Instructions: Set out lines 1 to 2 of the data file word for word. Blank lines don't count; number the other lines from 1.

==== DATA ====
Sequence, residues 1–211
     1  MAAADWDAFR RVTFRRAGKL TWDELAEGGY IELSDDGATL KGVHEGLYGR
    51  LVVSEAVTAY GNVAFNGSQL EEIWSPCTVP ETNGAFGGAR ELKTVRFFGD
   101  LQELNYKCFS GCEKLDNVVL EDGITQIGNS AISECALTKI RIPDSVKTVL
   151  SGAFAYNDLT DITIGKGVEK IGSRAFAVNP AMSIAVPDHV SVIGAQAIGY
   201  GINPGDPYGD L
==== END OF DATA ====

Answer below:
Sequence, residues 1–211
     1  MAAADWDAFR RVTFRRAGKL TWDELAEGGY IELSDDGATL KGVHEGLYGR